Highly Reliable Systems: Removable Disk Backup & Recovery


4 Things You Have To Know About Encryption for Backup

By Darren McBride

 Encryption is becoming a more important topic as more companies struggle to meet compliance requirements and keep their data secure.  Encryption is used more than you might expect, including for various website security functions.  Backups are another important area to consider using encryption on. To completely protect your data and your backup, you should consider encrypting both the data in motion and at rest.  Here are 4 things you have to know about encryption for backup that will help you understand the landscape.

  1. There are 2 types of Encryption: Symmetric and Asymmetric. Symmetric encryption means the same mathematical “key” is used for both encrypting and decrypting.  A common example of symmetric encryption is AES (Advanced Encryption Standard), which is used for data at rest such as on hard drives or to encrypt private networks.  By contrast, in asymmetric encryption 2 different keys are used – a “public key” for encrypting and a “private key” for decrypting.  This type asymmetric encryption is referred to as public key Infrastructure (PKI) or public-key cryptography and is often used for encryption of data in motion over the Internet.  Asymmetric encryption key lengths must be longer than symmetric key lengths to provide similar protection.  A key length of 2048 bits is considered a very secure standard when using asymmetric encryption.  However, a key length of only 256 bits using AES is considered all but unbreakable when using symmetric encryption.
  2. Encrypting data can reduce Backup Performance by 80%.  There can be serious speed penalties to encryption. There is a common misconception that you can totally overcome the CPU intensive calculation penalty using the proper hardware.  But encryption can increase the size of your data and no amount of fancy hardware will change this.  AES is a block cipher and requires the input to be multiple of block size (16 bytes or 128 bits), which means padding schemes are used. Sometimes the padding is negligible, but under some conditions encrypted data sizes can increase significantly.  For example a VPN IPSec Tunnel with an Encrypted IP GRE Tunnel can increase the size of a G.711 voice packet and require 40% more bandwidth than would otherwise be required. But let’s talk about encrypting a hard drive on a typical Network Attached Storage (NAS) appliance to protect your backup.  Since many consumer grade boxes use Intel Atom or similar low end CPUs, encryption can be a big drag.  One test we did on an Atom based (and Gigabit connected) NAS showed the backup speed dropped from 89MB/sec to 19MB/sec.  That’s a difference of backing up around 320 Gigabytes of data per hour to around 68 GB/Hr.  Which brings us to our next topic – how do we improve that?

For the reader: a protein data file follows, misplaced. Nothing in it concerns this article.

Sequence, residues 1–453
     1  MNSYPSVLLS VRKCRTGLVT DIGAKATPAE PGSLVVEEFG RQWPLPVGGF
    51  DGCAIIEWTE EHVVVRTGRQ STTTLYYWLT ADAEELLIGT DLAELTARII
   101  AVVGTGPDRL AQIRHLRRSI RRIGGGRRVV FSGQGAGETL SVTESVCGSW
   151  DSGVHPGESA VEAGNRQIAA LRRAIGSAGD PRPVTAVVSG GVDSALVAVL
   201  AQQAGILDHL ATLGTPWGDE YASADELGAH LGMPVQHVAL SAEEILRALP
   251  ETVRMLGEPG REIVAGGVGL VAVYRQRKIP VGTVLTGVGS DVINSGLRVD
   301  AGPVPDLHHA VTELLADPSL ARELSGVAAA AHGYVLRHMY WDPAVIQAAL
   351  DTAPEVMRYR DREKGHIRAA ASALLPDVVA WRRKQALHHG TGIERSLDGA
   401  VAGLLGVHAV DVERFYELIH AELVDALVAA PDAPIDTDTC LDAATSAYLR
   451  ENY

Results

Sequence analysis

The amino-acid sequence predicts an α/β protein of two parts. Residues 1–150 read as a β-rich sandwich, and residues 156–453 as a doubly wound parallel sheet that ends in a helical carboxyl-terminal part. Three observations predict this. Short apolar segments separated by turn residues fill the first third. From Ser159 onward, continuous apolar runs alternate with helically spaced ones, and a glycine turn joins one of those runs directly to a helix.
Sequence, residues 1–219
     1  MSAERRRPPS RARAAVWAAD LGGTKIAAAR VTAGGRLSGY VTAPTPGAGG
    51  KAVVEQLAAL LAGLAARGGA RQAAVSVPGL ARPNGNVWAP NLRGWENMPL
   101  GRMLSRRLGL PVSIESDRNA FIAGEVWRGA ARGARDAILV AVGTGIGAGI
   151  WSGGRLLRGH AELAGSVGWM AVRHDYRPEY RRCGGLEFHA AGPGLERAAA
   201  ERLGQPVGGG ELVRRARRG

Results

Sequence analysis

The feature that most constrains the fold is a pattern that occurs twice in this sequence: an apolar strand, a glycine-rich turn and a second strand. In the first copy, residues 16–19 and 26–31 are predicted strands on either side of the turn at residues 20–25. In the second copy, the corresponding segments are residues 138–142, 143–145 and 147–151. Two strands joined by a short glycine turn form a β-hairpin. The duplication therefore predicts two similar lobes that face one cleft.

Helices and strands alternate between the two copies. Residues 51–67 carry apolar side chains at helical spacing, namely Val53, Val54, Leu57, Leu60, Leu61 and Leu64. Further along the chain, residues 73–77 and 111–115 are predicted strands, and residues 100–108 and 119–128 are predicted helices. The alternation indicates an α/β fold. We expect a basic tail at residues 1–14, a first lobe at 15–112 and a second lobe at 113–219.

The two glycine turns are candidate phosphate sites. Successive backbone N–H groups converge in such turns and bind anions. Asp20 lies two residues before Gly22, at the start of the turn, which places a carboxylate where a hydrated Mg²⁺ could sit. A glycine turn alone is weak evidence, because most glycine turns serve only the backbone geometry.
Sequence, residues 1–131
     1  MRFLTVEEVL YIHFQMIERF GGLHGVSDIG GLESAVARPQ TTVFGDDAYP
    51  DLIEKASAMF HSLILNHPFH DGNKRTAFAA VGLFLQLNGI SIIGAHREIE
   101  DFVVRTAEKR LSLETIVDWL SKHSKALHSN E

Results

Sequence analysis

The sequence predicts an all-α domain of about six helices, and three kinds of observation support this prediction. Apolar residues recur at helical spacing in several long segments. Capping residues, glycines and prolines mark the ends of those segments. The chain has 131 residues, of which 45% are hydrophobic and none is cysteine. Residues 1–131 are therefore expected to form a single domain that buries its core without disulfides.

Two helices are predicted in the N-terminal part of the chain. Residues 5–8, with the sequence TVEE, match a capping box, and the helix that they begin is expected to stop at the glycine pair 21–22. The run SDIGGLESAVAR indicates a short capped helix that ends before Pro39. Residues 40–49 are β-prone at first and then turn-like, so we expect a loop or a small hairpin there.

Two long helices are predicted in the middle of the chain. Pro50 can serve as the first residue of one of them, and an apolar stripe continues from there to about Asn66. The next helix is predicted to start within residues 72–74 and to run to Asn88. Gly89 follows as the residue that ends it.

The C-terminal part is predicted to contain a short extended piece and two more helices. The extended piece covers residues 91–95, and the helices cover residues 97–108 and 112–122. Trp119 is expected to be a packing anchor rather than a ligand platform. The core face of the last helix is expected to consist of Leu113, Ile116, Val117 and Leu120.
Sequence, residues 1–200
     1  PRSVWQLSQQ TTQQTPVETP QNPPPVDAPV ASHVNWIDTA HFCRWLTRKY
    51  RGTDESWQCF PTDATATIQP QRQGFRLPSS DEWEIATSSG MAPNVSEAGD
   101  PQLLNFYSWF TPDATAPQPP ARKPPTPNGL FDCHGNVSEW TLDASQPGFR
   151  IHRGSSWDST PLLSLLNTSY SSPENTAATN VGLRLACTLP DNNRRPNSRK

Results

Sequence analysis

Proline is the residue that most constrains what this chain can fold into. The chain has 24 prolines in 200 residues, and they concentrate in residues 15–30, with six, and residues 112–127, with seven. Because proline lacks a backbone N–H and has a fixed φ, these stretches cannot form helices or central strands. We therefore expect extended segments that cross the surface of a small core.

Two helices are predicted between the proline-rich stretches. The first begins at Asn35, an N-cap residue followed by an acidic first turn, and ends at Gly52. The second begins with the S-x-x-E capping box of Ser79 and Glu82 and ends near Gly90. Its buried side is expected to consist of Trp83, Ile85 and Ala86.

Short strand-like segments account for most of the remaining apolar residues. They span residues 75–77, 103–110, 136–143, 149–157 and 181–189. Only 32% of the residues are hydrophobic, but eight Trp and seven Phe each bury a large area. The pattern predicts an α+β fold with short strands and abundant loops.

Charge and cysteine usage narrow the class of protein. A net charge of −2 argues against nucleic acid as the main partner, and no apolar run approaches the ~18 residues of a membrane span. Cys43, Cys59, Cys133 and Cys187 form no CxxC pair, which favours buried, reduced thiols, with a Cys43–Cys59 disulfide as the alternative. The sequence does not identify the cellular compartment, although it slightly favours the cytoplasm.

3. Modern CPUs have hardware encryption built in.  If you will be doing encryption, you should consider using special hardware or making sure you’re doing it with a CPU that has additional hardware instructions to help your performance. intelcpu  Both AMD and Intel offer encryption support in hardware.   This feature is called AES-NI.  Starting in 2010 Intel offered their Core processor family (codename Westmere) with seven special AES instructions. Beyond improving performance, the AES instructions provide important security benefits. By running in data-independent time and not using tables, they help in eliminating the major timing and cache-based attacks that threaten table-based software implementations of AES.  As you might expect, your software must be capable of using the instructions too.  Many Intel i5, i7, and Xeon processors have AES-NI.  A few Atom processors also have it.  The difference in performance when encryption is turned on using these features can be night and day, although if you have a fast CPU doing nothing else it can sometimes overcome even it if lacks the new instructions.  Refer to this link for a list of compatible CPUS from intel.  To find out if you have AES-NI on your machine already, load and install the Intel Processor identification utility.  Check the “CPU Technologies” tab for AES New instructions as shown in the screen shot nearby.
  4. Your Backup Software Must Support the Encrypting Hardware.  OK you’ve got the right hardware.  But you won’t achieve good backup speed unless you’re OS and backup software (which is often where encryption is turned on) uses the hardware.  Check with your backup vendor to insure that not only they support encryption, but that they use the AES-NI instruction sets to do it.  A backup product like ShadowProtect supports AES-NI encryption techniques but other top tier vendors such as Veeam do not.  Either way, you can use an encrypting NAS such as a NetSwap from Highly Reliable Systems or an encrypting backup drive to overcome the software limitations.  You should also be aware if you use encryption on a laptop that some devices have an option in the BIOS that lets you enable/disable AES-NI to save battery life. 

Encryption is a necessary part of your data protection strategy.  Compliance laws like HIPAA dictate you strongly consider using it to protect yourself and your clients. Use a combination of hardware and software supporting AES with a 256 bit key to insure encryption doesn’t impact your backup or recovery time objectives.